Flooding in the northeast leaves residents high and dry
NEW YORK – After being hit by two tropical storms that submerged basements, cracked house foundations and destroyed property, residents of the northeastern United States, still recovering, take another blow unexpected: Thousands of families are now overwhelmed with financial losses because they lacked flood insurance.
Most of those caught off guard by the torrential downpours of the remnants of Hurricane Ida and Tropical Storm Henri lived in areas outside the coastal floodplains, making flood insurance an afterthought. for most working class families whose neighborhoods have been among the hardest hit.
“When we called the insurance company, the first thing they told us was that they don’t provide any assistance for anything that is caused by a storm. And they left it at that,” he said. said Amit Shivprasad, his rising voice echoing the frustrations shared among his neighbors in the Jamaican section of Queens.
For weeks now, Shivprasad and his parents have been crammed into a relative’s apartment after New York City home inspectors declared their home uninhabitable.
Ida’s floodwaters, exacerbated by overflowing storm drains and sewers, tore an exterior wall and drowned two of the family’s tenants in a basement apartment. The storm killed around 50 people in the northeast, many of whom drowned in basement apartments or cars. He whipped the area less than two weeks after a watering from Henri.
Of the 10,000 or so homes in the Shivprasad neighborhood, only 16 were protected by flood insurance, according to a database compiled by the Association of State Floodplain Managers.
Flood damage is not covered by homeowners ‘or tenants’ insurance policies. People without a flood insurance policy have few options for getting help paying for damage, according to Loretta Worters, spokesperson for the Insurance Information Institute. They may be able to get federal help, she said, including low-interest loans and damage grants.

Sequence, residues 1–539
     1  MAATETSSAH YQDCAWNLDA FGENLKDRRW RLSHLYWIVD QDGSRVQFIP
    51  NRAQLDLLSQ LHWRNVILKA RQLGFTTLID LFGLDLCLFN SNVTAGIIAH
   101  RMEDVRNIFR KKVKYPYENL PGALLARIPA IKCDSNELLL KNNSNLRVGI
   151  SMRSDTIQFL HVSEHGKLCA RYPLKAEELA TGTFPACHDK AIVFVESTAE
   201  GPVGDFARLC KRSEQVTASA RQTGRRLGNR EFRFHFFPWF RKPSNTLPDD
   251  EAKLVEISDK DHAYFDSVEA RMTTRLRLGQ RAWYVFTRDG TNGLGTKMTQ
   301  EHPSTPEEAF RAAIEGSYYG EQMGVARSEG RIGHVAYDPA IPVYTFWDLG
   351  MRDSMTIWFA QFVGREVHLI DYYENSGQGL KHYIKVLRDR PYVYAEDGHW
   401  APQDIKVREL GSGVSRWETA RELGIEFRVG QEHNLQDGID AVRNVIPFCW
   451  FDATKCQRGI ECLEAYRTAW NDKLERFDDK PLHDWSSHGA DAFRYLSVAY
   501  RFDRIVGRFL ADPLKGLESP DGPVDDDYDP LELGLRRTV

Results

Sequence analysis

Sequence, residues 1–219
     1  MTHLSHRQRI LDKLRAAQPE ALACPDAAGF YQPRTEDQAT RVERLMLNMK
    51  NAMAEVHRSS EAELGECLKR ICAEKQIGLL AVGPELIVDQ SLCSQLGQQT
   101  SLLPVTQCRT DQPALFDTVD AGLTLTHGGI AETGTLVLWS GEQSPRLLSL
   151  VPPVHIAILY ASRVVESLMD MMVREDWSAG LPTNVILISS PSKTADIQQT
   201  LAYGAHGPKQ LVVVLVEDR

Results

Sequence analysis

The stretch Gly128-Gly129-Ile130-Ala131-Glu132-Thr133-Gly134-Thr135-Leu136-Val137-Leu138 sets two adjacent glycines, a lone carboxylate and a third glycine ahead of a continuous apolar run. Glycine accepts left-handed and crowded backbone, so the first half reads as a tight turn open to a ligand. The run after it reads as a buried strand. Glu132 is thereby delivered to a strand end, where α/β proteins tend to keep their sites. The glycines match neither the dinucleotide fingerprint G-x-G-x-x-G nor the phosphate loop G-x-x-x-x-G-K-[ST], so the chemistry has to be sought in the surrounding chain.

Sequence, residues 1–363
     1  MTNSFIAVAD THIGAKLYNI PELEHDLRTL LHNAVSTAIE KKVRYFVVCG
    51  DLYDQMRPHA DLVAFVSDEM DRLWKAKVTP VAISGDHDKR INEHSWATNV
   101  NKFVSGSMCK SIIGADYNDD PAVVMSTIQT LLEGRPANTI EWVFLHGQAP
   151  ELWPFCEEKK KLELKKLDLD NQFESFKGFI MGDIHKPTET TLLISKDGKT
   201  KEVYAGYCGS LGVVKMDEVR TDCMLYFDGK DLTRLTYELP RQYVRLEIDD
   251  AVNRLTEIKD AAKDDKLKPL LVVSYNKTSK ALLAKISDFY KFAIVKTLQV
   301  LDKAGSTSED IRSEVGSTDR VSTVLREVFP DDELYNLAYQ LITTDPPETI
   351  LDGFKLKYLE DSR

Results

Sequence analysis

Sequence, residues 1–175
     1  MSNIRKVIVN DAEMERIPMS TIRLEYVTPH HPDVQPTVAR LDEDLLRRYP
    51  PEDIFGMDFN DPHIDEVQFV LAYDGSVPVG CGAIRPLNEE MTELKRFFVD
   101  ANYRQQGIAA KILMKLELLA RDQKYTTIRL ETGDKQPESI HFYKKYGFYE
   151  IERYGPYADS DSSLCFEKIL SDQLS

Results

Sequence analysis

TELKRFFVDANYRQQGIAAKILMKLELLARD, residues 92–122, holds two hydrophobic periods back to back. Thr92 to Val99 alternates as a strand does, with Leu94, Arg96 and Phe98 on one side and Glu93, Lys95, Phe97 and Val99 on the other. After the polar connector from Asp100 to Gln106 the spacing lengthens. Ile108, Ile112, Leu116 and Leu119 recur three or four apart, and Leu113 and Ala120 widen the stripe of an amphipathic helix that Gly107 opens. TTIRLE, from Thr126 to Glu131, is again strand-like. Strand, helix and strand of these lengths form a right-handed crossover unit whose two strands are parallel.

While authorities are still calculating the losses – estimated at billions of dollars – residents wonder how they will find the money to repair homes and replace property. Fans continue to roar in damp basements, and dump trucks still circle around hauling moldy couches, soft mattresses, and now-unnecessary electronics.
The Federal Emergency Management Agency said it has already paid at least $ 22 million to nearly 5,200 families in New York City. More than 38,000 households have requested assistance. In New Jersey, aid to some 39,000 families is still on hold, while FEMA has paid about $ 11 million to nearly 3,000 families.
So far, about $ 10 million in flood insurance claims have been paid in New Jersey to 6,000 policyholders, according to FEMA. In the five boroughs of New York City, approximately $ 3 million was disbursed for 2,600 flood insurance claims.
Flood insurance, offered through the National Flood Insurance Program, is generally required for mortgages on properties considered to have about a 1 in 100 chance of flooding each year, but is optional for everyone. others. Some see it as an unnecessary cost, even as severe weather strikes now with more frequency and intensity.
“You never know, especially with the way the world is acting right now, when this flood is going to happen in your neighborhood,” said Michael Wade, a FEMA spokesperson.
John and Roseann Kiernan’s neighborhood of Rossmoor, a seniors’ residence in Monroe Township, central New Jersey, is 20 miles from the coast and not near major rivers. The Kiernans and others said they had been told over the years that they did not need flood insurance because the area is not in a flood zone, even though the neighborhood has flooded in 2005.
The Kiernans estimate that it will cost $ 100,000 to restore their house to habitable condition and replace their car.
Their current policy “didn’t cover anything,” said John Kiernan, a retired corrections officer. “The insurance company sent some really nice, understanding people, they listened to everyone for about an hour, then basically said, ‘You don’t get anything. “So that’s how it is.”
On the corner of the Kiernan, Joan Russo and her husband have lived in the same house for 16 years and moved in a few days before the 2005 floods. Their house suffered extensive water damage during Henri, forcing them to move in with her son’s family. In another town.
“When we took out our insurance, they said, ‘You are not in a flood zone, it is not necessary,'” she said. “You listen to the provider, and they say you don’t need it, so you don’t get it.”
Information for this article was provided by Ken Sweet of The Associated Press.